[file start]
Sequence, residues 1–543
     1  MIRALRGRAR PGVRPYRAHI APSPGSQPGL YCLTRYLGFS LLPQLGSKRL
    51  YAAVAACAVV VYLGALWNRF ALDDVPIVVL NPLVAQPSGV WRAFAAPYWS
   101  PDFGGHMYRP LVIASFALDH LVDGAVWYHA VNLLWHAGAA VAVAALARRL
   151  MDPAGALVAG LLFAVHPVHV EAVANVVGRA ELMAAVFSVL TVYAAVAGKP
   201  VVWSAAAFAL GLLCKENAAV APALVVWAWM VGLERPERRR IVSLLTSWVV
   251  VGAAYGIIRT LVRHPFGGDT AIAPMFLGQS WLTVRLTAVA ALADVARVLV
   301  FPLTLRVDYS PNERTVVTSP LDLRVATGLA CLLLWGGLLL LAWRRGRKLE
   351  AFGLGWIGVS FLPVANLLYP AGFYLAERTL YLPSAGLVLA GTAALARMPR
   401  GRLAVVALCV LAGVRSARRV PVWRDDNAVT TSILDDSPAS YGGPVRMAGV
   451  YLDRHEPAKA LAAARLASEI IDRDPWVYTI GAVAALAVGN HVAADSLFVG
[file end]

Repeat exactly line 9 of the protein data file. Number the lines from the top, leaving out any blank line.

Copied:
   351  AFGLGWIGVS FLPVANLLYP AGFYLAERTL YLPSAGLVLA GTAALARMPR